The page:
Different family structures exist, and within those are different family dynamics, good and bad. Internal and external factors can disrupt family relationships, causing hardship, misunderstanding, and disconnection.

When things become unstable within the family, it’s natural to want to keep your challenges private. You may hesitate to go to family therapy for several reasons: you worry that bringing someone into your life may make the issue bigger, you don’t want to shine a spotlight on someone you love, or you may even fear getting blamed for your family’s failures. However, any step to improve communication within your family is proof of your commitment to work through your problems. And investing in family therapy demonstrates your intent to build stronger relationships that will help you and your family live happier and healthier lives.

When to seek help

Families suffering from dysfunction experience symptoms that serve as warning signs that it’s time to seek professional family therapy. Here are some situations to pay attention to if you feel your family may need help:

Problematic behavior. Have you noticed sudden changes in behavior in a family member, such as difficulty functioning or withdrawing socially? These may be signs of deeper emotional issues. Other extreme emotional reactions to look out for include excessive anger and sadness and signs of physical or verbal violence or abuse.

Traumatic events. Everyone deals with trauma differently. How you react may differ from your young child or a partner. The healthiest way to cope after a traumatic event is to open the lines of communication so that everyone in the family receives emotional support, whether they admit they need it or not.

Personal conflicts. Siblings fight. A parent may fight with their child. Parents may fight with one another. Ultimately, these conflicts occurring between two or more people in the family can affect the entire family, causing stress and toxic emotions and reactions.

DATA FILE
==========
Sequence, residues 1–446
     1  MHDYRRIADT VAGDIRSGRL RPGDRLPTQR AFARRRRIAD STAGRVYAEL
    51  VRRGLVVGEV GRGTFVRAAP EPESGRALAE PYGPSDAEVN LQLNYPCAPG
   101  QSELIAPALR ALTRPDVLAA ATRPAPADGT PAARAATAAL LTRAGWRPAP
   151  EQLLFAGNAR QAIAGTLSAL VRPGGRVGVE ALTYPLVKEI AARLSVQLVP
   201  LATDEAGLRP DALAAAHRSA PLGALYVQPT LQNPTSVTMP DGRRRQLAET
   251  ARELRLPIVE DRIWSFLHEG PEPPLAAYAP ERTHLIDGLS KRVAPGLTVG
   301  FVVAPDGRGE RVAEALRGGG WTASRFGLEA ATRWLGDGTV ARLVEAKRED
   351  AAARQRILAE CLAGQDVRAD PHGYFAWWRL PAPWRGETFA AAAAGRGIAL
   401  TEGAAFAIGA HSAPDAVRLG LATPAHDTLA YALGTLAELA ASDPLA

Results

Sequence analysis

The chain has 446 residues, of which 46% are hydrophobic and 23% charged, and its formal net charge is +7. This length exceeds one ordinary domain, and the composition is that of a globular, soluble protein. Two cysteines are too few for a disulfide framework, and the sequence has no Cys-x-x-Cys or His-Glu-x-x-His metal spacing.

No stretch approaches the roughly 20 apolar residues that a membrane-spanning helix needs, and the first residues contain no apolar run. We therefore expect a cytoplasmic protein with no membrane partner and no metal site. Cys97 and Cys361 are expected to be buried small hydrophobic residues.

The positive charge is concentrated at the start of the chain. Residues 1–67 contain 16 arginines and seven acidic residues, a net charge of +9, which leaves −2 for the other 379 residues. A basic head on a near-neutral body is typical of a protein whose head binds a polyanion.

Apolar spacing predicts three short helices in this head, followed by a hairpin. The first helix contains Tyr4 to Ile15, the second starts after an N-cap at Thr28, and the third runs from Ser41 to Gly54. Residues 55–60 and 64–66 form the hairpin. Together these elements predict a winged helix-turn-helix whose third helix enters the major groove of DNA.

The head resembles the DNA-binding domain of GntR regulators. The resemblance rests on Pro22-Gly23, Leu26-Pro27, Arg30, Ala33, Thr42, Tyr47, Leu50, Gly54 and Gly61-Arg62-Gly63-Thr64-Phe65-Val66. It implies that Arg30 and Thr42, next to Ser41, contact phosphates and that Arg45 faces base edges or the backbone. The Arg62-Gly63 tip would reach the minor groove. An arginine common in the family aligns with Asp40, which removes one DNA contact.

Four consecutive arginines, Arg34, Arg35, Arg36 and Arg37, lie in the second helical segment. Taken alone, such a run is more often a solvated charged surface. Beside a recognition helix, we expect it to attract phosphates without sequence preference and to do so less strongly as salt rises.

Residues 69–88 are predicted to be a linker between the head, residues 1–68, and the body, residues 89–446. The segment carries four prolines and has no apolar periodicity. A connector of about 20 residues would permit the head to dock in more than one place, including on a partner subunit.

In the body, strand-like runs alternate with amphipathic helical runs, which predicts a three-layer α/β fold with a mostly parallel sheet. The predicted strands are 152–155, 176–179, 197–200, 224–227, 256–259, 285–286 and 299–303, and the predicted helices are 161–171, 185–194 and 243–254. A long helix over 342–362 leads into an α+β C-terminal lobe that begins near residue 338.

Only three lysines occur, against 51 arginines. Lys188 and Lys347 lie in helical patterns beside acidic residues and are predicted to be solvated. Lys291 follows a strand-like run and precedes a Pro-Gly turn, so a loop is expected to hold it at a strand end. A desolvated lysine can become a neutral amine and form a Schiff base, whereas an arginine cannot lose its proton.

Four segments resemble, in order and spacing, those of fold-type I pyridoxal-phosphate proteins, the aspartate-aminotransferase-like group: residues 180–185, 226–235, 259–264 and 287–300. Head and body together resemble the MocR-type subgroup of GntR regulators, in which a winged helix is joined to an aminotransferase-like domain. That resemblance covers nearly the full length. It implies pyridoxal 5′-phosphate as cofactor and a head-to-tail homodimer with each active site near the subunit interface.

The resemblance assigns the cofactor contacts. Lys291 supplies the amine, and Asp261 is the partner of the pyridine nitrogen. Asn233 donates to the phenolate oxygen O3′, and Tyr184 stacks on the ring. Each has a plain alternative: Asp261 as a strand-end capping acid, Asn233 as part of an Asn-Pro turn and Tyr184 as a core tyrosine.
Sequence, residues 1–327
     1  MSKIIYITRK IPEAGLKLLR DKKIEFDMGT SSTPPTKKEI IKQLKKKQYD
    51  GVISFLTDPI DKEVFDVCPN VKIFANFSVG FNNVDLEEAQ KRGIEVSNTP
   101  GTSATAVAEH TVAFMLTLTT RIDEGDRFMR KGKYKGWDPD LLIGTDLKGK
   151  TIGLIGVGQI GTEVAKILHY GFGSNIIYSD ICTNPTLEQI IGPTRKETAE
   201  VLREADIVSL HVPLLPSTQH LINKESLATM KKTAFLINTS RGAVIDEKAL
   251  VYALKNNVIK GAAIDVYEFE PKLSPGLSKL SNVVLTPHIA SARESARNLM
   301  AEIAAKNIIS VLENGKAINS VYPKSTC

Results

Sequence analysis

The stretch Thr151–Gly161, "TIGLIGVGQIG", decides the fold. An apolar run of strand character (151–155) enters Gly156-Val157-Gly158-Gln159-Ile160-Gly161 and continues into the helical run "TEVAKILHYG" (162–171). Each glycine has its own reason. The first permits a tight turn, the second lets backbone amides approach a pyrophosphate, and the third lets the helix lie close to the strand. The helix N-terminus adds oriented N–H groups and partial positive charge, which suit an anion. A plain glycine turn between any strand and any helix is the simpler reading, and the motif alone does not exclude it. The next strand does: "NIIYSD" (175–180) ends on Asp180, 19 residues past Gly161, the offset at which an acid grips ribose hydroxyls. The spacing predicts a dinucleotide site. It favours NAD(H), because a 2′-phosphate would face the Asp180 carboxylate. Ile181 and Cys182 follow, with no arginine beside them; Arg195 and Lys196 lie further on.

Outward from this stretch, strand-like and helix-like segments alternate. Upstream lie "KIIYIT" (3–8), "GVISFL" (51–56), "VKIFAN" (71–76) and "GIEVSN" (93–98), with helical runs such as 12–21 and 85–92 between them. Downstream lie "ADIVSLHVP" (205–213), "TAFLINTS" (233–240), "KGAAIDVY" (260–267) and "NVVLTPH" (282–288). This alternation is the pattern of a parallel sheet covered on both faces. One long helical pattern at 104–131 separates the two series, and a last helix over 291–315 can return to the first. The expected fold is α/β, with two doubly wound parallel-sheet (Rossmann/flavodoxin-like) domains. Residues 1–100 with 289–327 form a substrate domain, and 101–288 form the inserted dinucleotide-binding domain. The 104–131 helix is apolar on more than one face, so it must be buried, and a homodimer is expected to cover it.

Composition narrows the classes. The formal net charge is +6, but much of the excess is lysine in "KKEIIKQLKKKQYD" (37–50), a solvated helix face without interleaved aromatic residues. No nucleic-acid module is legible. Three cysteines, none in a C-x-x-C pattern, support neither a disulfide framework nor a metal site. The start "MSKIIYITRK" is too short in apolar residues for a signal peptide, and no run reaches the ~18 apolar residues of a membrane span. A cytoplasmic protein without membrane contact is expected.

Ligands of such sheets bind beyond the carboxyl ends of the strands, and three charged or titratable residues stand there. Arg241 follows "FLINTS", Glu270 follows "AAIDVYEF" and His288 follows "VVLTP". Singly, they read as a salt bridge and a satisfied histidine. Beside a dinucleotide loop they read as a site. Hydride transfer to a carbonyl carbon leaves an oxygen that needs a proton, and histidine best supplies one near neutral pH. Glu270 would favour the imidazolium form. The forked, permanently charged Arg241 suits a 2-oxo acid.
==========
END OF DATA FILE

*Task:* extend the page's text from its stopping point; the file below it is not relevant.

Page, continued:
Death or loss. As with trauma, people deal with death and loss differently. One may have a highly emotional reaction, while another will withdraw. Family therapy validates everyone’s reactions –  allowing everyone to work through their emotions together –  so they know they don’t need to grieve alone.

Divorce and co-parenting. For some kids, divorcing parents can be traumatic,  affecting their self-esteem and well-being. Through family therapy, co-parents can help their child cope with the divorce and prove that while the family dynamic has changed, there is still positive support and shared commitment to their child’s best interests.

Blended family or step-parenting challenges. Children of blended families sometimes won’t immediately accept their step-siblings or step-parent. There also could be disruption in the home due to different parenting styles and new routines. Family therapy can help with the transition, helping families communicate and achieve a unique and positive family structure and dynamic.

Substance abuse and recovery. A supportive family environment can play a positive role in the treatment and recovery process. Family therapy also helps support family members who may feel emotionally challenged by caregiving for a loved one with a history of substance abuse. Through family counseling, the family can learn how to improve family interactions, identify underlying problems, and make better decisions that lead to a healthier home environment.

Communicare provides mental health services, including screening, assessment, counseling, and/or crisis intervention to children and youth with emotional and behavioral problems, along with their families. For more information, visit our website www.communicarems.org/ or contact us at 662-234-7521.